The costs and benefits of coal

(Photo from the Charleston Gazette)
(Photo from the Charleston Gazette)

It was widely reported earlier this week that outspoken NASA climate scientist James Hansen and 30 others were arrested at a West Virginia coal operation where they were protesting mountaintop removal mining. The protesters were met  at the mine by several hundred counter-protesters, described by the Charleston Gazette as “miners and family members” defending their jobs.

A report by scientists at West Virginia University, published in the peer-reviewed journal Public Health Reports (I’ve not linked to the journal because it requires a subscription) suggests that those counter-protesters might be wrong in thinking that continued coal mining is good for them.

The study compared the number of excess deaths in coal mining areas to the economic benefits of coal mining to those areas. Using either $6.3 million (the average an earlier study calculated from 18 US regulatory agencies) or $3.8 million (an EPA estimate) for the value of a life, the authors concluded that coal mining costs the region roughly two to five times what it brings in, without even counting the environmental losses on the cost side.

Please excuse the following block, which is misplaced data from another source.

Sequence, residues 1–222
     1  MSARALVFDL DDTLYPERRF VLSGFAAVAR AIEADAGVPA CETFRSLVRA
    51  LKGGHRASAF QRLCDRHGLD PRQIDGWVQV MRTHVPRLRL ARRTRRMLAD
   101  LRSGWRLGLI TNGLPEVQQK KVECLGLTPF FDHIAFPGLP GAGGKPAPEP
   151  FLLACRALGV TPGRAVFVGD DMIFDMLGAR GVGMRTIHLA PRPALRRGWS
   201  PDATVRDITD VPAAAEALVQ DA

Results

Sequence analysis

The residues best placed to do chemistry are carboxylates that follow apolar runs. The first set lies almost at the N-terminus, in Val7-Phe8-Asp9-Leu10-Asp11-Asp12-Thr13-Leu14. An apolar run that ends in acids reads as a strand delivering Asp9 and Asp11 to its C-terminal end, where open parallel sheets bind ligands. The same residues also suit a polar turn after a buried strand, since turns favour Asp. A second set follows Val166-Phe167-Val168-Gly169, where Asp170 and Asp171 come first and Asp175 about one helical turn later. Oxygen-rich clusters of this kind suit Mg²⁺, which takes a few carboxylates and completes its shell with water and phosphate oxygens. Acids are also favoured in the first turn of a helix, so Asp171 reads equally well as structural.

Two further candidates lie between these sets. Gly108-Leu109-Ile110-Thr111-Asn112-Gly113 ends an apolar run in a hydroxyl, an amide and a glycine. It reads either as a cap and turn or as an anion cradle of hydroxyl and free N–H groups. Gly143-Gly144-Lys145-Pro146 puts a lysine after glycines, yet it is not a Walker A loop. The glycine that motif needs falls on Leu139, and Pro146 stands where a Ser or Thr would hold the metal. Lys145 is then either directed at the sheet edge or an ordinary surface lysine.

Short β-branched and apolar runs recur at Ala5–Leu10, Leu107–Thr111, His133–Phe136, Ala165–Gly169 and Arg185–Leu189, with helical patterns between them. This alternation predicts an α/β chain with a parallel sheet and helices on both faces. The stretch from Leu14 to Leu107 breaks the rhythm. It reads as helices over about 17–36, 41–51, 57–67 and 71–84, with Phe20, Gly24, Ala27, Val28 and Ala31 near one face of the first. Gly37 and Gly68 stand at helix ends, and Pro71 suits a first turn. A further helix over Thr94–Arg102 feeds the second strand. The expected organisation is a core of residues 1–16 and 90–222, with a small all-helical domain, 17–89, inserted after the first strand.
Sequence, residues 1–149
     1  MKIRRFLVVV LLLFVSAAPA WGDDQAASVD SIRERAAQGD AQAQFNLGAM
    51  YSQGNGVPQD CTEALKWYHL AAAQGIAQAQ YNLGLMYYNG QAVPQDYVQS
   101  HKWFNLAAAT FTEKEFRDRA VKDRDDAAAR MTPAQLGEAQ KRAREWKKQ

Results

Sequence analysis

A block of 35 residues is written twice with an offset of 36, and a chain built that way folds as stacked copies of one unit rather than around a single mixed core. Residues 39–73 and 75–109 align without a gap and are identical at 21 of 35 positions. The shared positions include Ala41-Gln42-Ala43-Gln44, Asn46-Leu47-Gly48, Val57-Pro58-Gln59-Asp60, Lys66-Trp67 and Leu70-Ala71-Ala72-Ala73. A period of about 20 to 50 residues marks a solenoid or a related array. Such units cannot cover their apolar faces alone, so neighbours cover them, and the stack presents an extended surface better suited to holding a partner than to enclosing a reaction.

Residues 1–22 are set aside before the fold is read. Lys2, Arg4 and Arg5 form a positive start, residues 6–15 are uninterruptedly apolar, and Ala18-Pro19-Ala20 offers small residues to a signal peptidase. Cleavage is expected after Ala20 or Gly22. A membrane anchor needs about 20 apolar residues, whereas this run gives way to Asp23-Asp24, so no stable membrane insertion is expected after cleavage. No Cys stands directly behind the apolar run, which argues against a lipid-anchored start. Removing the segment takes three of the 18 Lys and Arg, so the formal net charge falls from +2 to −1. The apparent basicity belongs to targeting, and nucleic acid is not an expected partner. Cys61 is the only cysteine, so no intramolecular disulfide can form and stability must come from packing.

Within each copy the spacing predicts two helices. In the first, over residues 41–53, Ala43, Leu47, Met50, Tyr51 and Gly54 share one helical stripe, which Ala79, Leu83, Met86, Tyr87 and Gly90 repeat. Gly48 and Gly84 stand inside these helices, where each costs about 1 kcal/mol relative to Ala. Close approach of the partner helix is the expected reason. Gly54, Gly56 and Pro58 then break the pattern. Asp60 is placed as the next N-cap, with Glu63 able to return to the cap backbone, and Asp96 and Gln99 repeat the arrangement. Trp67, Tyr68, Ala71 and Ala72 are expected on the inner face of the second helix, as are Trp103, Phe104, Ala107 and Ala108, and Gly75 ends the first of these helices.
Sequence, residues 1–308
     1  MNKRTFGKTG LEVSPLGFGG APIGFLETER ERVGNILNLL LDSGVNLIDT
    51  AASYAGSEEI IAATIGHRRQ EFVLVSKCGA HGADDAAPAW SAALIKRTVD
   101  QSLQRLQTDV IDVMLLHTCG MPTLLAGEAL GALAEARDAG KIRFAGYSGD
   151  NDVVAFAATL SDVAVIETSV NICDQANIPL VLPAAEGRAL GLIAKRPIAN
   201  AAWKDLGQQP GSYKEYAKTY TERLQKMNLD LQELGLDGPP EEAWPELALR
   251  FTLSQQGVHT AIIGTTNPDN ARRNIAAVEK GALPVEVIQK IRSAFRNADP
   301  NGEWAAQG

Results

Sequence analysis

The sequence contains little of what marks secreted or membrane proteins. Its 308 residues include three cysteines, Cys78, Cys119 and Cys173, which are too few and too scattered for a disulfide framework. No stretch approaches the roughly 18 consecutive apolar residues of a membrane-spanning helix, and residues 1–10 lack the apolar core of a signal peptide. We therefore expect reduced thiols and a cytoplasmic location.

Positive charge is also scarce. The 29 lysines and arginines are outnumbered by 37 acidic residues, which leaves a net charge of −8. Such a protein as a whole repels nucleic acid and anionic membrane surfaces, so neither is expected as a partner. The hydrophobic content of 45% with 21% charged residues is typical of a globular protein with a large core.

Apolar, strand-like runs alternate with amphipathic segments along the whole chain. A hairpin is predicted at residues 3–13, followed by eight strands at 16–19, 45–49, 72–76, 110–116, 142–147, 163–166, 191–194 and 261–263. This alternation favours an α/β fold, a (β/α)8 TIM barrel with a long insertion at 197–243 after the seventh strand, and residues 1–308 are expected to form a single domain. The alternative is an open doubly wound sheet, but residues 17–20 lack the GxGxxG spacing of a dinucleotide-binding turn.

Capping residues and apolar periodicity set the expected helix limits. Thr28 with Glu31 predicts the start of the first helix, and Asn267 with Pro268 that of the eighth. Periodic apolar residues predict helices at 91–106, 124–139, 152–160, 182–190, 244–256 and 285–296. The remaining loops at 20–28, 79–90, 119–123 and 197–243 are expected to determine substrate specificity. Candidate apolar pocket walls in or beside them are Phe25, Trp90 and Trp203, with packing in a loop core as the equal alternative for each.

Of course, the real problem for those counter-protesters is that they need the short-term economic benefits of their mining jobs even if their paycheck comes at the price of a shortened life-span, and a denuded landscape. The authors of the study recognize that problem, and don’t pretend that they know how to solve it. But they point out that a new economy will not develop in coal mining regions as long as policy decisions don’t take full account of the costs of coal production as well as coal use. And they suggest that policies aimed at helping Appalachia develop more diverse employment opportunities will be better for the region’s health than propping up coal for as long as possible. As they put it in their paper:

The reliance on coal mining in some areas of Appalachia constitutes a de facto economic policy: coal is mined because it is present and because there is a market for it. However, other economic policies could be developed if reliance on this resource was not in the best interest of the local population.

The Charleston Gazette has a good story about the study here.

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About Holly

Holly Doremus is the James H. House and Hiram H. Hurd Professor of Environmental Regulation at UC Berkeley. Doremus brings a strong background in life sciences and a comm…

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